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Tesla Jimny made in UK

13 Jul 2021 19:27 #236671 by Roger Fairclough
Hi Danny.

I'm no electrical engineer so much of what you are doing is leaving me with a sort of "durr" look on my face, so it's with a degree of trepidation that I ask, do you need a clutch? After all, an electric motor develops max. torque at zero rpm, so direct drive would appear to me to be the ay to go.

Or have I really shown my ignorance.


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14 Jul 2021 17:07 #236685 by Scimike
Replied by Scimike on topic Tesla Jimny made in UK
Hi Roger,
Not stealing Danny's moment, but just in case he's not back for a bit.
No you don't need a clutch, but if you want one you can have one, that's my understanding. You are better off without a gearbox or clutch, simply are the torque from an electric motor could kill a conventional gear box. A lot of this is down to how the electric motor is controlled. You can digitally "tune" them to provide a similar delivery characteristic as the petrol it replaces if wanted. But at the moment it's all about showing how good they are, so they tend to be maxed out to fly the flag for electric. At some point the powers that be will step in to limit performance, in particular acceleration.
Just a personal prediction after they are common place and mostly in a ditch at the side of the road.

Yokohama Geolanders, Sony 2D head unit, Elvis Bobblehead, Jimnybits transfer Guard, Hand crafted Indian hanging Elephant, Koni Heavy track dampers, Voodoo Doll with pins (active spell - I believe it's working), Jimnybits Adventure Rack, towbar, Light bar and vintage caravan.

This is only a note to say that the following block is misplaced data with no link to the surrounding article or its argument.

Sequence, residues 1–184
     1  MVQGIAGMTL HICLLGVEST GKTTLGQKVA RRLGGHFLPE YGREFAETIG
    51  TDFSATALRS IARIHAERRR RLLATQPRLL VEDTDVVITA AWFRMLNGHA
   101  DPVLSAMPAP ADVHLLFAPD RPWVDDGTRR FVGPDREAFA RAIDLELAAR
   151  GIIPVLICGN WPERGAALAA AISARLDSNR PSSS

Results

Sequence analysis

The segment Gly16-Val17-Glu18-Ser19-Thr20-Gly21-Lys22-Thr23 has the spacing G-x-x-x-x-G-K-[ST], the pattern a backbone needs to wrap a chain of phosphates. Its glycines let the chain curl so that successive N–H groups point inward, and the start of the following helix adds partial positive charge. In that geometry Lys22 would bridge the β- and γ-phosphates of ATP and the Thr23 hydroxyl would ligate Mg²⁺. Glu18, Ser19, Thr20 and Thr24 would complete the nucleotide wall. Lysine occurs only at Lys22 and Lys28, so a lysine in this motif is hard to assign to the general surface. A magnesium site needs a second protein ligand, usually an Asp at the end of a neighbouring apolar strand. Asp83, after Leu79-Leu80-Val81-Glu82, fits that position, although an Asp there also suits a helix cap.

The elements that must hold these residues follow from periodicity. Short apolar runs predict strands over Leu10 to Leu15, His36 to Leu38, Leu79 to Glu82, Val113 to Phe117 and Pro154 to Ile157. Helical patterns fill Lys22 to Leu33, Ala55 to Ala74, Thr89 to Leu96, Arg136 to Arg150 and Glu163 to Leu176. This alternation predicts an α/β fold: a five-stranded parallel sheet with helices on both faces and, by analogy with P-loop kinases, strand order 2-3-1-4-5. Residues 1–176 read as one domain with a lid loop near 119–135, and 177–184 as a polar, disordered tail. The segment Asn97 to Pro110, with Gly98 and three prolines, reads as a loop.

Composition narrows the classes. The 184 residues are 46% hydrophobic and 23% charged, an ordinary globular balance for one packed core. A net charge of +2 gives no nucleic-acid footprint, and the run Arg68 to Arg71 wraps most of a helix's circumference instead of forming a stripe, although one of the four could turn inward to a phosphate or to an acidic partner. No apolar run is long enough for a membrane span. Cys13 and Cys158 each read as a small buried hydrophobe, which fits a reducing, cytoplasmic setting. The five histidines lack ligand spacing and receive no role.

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16 Jul 2021 10:43 #236730 by Dannyzook
Replied by Dannyzook on topic Tesla Jimny made in UK
Hi Roger.

Not a problem like i say ask me anything, its all about sharing the info!
While electric motors produce alot of torque and most of it from low rpm they still have a power curve and as such you need to match this to gears. Yes you can do a clutch delete and use the gearbox syncro’s and allowing the motor to freewheel while you change gear, many do go this option however to protect the gearbox syncros and to make it an easier conversion (adapter to the flywheel) i went for the clutch option, this also means the clutch may help take out some of the damage caused by backlash in the gearbox and gearbox splines if i used a solid coupler as the regen on the motor (regen being motor putting charge back into the battery by acting like a generator, and as you can imagine accelerating to letting off causing the vehicle to constantly be changing forces from accelerating to decelerating in the gearbox much more than a petrol engine will do from engine braking) think of the clutch like a dampener and fuse in this situation.

Another thing to think about is the gearbox is essentially a torque multiplier at the sacrifice of rpm. I matched my motor to the torque of the 1.3 engine, not the gearbox output which i would have to do in the event of a gearbox delete and direct to the tcase/diff.
Ie a 100nm engine through a 4:1 gearbox is 400nm but this also has the advantage of being abke to change ratio when a higher rpm is required. A gearbox delete would require a motor that can produce said 400nm (i think i worked it out id need about 550nm from memory) but also turn at 4000rpm. Most electric motors are of lower torque but higher rpm but this depends on design. Alot of old conversions used forklift motors in direct drive configuration as they had biigg torque specs but a rpm limit of around 3-4k meaning they was ideal but they lacked regen (engine braking) and less efficient than the more commonly used ac induction motors.

Like i say any questions please ask, no such thing as stupid questions!


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